Well Living House, Smylie et al. Our Health Counts Toronto: Developing a population based urban Aboriginal cohort to assess and enhance individual, family, and community health and wellbeing. Factsheets.

Health Topics:

Maternal Health & Birthing

National Aboriginal Health Organization. (2009). Birthing through First Nations midwifery care. ‘  Retrieved from

Public Health Agency of Canada. (2017). Chapter 1: Family-centred maternity and newborn care in Canada: Underlying philosophy and principles. Retrieved from

Wright, A., Wahoush, O., Ballantyne, M., Gabel, C., & Jack, S. M. (2018). Selection and use of health services for infants’ needs by Indigenous mothers in Canada: Integrative literature review. Canadian Journal of Nursing Research, 50(2), 89-102.

National Collaborating Centre for Aboriginal Health. (2012). The sacred space of womanhood:

Mothering across the generations a national showcase on First Nations, Inuit, and Métis women and mothering.

Wright, A.L., Jack, S.M., Ballantyne, M., Gabel, C., Bomberry, R., Wahoush, O. (2019). How

Indigenous mothers experience selecting and using early childhood development services to care for their infants. International Journal of Qualitative Studies in Health & Well-being, 14(1).

Best Start Resource Centre (2012). Supporting the sacred journey: From preconception to parenting for First Nations families in Ontario. Toronto, Ontario.

Indigenous Children & Youth

The Health of Canada’s Children and Youth

Perceptions of Pain

CBC News (2019). Mi’kmaw nurse explains how Indigenous pain often misunderstood.

Browne, A., Varcoe, C., Lavoie, J., Smye, V., Wong, S., Krause, M., Tu, D., Godwin, O., Khan, K.,

Fridkin, A. (2016). Enhancing health care equity with Indigenous populations: Evidence-based strategies from an ethnographic study. BMC Heralth Services Research, 16 (544), 1-17.

Latimer, M., Finley, G.A., Rudderham, S., Inglis, S., Francis, J., Young, S., & Hutt-MacLeod, D.

(2014). Expression of pain in Mi’kmaq children from one Atlantic Canadian community: A qualitative study. Canadian Medical Association Journal Open 2(3): E133-E138.

Latimer, M., Simandl, D., Finley, A., Rudderham, S., Harman, K., Young, S., … Francis, J. (2014).

Understanding the impact of the pain experience on Aboriginal children’s well-being: Viewing through a Two-Eyed Seeing lens. First Peoples Child & Family Review, 9(1), 22–37.

Nelson, S., Browne, A., Lavoie, J. (2016). Representations of Indigenous Peoples and use of pain medication in Canadian news media. The International Indigenous Policy Journal, 7(1), 1-26.


Scheim, A.I., Jackson, R., James, L., Sharp Dopler, T., Pyne, J., Bauer, G.R. (2013). Barriers to well-

being for Aboriginal gender-diverse people: Results from the Trans PULSE Project in Ontario, Canada. Ethnicity and Inequalities in Health and Social Care, 6(4), 108-120.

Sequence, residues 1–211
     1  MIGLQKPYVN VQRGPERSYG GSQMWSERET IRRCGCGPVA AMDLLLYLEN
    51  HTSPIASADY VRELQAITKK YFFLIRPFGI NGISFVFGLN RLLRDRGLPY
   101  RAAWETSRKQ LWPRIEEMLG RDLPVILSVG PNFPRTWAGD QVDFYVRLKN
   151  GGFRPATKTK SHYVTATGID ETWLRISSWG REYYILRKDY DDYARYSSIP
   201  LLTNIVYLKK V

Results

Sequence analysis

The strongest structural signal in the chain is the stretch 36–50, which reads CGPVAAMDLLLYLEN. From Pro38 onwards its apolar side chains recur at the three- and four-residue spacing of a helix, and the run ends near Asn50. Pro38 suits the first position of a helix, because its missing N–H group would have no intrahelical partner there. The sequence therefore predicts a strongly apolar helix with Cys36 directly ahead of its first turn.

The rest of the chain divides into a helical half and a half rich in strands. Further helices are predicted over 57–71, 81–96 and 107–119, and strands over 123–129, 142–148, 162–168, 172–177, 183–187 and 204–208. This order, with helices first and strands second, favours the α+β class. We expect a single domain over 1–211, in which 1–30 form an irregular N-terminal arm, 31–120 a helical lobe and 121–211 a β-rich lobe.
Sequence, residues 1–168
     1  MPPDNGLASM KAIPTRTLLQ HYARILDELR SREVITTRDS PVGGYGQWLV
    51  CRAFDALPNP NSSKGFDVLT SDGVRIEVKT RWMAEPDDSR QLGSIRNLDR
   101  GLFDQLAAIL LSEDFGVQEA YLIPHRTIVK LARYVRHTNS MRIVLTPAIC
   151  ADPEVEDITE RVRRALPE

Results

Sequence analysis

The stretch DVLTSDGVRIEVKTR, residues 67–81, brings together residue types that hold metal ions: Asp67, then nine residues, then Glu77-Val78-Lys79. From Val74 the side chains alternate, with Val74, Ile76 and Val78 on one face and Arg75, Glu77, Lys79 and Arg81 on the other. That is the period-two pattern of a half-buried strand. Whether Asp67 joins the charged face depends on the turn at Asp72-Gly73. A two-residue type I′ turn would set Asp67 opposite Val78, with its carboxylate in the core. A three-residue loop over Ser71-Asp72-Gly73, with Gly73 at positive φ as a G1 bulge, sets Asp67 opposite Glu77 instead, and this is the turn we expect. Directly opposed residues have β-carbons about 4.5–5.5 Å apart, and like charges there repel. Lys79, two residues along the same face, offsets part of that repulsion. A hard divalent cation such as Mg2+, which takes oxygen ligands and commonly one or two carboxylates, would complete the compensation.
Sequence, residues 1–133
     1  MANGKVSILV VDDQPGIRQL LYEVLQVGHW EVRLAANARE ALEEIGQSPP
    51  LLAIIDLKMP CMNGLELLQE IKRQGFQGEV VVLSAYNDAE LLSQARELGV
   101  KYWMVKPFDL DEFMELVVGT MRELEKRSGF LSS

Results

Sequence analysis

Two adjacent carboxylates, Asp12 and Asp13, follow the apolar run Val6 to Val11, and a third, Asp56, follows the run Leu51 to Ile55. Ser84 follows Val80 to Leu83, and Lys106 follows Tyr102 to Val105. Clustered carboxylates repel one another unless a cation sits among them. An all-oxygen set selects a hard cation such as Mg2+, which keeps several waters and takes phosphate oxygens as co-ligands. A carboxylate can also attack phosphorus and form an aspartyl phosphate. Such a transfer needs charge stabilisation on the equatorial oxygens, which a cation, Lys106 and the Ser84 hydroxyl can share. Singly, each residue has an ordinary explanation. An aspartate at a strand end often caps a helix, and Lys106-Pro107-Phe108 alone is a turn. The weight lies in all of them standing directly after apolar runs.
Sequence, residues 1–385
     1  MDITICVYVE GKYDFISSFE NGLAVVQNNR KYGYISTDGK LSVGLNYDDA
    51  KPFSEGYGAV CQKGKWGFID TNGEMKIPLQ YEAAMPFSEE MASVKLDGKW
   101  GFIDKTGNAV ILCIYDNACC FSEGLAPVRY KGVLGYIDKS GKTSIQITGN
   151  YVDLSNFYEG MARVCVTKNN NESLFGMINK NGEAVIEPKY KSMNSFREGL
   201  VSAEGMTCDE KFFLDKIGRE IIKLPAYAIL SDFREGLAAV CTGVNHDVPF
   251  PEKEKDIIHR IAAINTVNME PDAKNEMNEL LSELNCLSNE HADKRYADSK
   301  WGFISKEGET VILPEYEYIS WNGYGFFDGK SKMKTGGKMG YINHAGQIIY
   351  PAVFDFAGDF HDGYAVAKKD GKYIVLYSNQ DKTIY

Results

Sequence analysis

Ristock, J., Zoccole, A. and Passante, L. (2010), Aboriginal Two-Spirit and LGBTQ Migration,

Mobility, and Health Research Project: Winnipeg Final Report, Winnipeg.

2-Spirited People of the 1st Nations. (2008) Our relatives said: A wise practices guide.

Hunt, S. (2016). An introduction to the health of Two-Spirit people: Historical, contemporary and emergency issues. National Collaborating Centre of Aboriginal Health.

Mental Health & Wellness

First Nations Mental wellness continuum framework


Thistle, J. (2019). From the Ashes. Simon & Schuster: Canada. (Book)

Thistle, J. (2017). Indigenous Definition of homelessness in Canada. Toronto: Canadian

Observatory on Homelessness Press. Available online at:

Indigenous Methodologies & Research

Key Readings on Indigenous Ways of Thinking, Methodologies and Decolonization. Available online at:

Bartlett, C., Marshall, M., & Marshall, A. (2007). Integrative science: Enabling concepts within a journey guided by trees holding hands and Two-Eyed Seeing. Sydney, NS.

Bartlett, C., Marshall, M., & Marshall, A. (2012). Two-Eyed Seeing and other lessons learned within a co-learning journey of bringing together Indigenous and mainstream knowledges and ways of knowing. Journal of Environmental Studies and Sciences, 2(4), 331–340.

Canadian Institutes of Health Research, Natural Sciences and Engineering Research Council of Canada, & Social Sciences and Humanities Research Council of Canada. (2018). Tri-council policy statement 2: Chapter 9 Research involving the First Nations, Inuit or Métis peoples in Canada. Retrieved from

Iwama, M., Marshall, M., Marshall, A., & Bartlett, C. (2009). Two-Eyed Seeing and the language of healing in community-based research. Canadian Journal of Native Education, 32(2).

Kovach, M. (2009). Indigenous research methodologies: Characteristics, conversations, and contexts. Toronto, ON: University of Toronto Press.

Peltier, C. (2018). An application of Two-Eyed Seeing: Indigenous research methods with participatory action research. International Journal of Qualitative Methods, 17, 1–12.

Schnarch, B. (2004). Ownership, control, access, and possession (OCAP) or self-determination applied to research: A critical analysis of contemporary First Nations research and some options for First Nations communities. Journal of Aboriginal Health, 1(1), 80–95.

Smith, L. T. (1999). Decolonizing methodologies: Research and Indigenous peoples. New York, NY: St. Martin’s Press.

Wilson, S. (2008). Research is ceremony: Indigenous research methods. Halifax, NS, Canada: Fernwood.

Wright, A. L., Wahoush, O., Ballantyne, M., Gabel, C., & Jack, S. M. (2016). Qualitative health research involving Indigenous peoples: Culturally appropriate data collection methods. The Qualitative Report, 21(12).

Wright, A. L., Gabel, C., Ballantyne, M., Jack, S.M., Wahoush, O. (2019). Using Two-Eyed Seeing in research with Indigenous people: An integrative review. International Journal of Qualitative Methods, 18(1-19).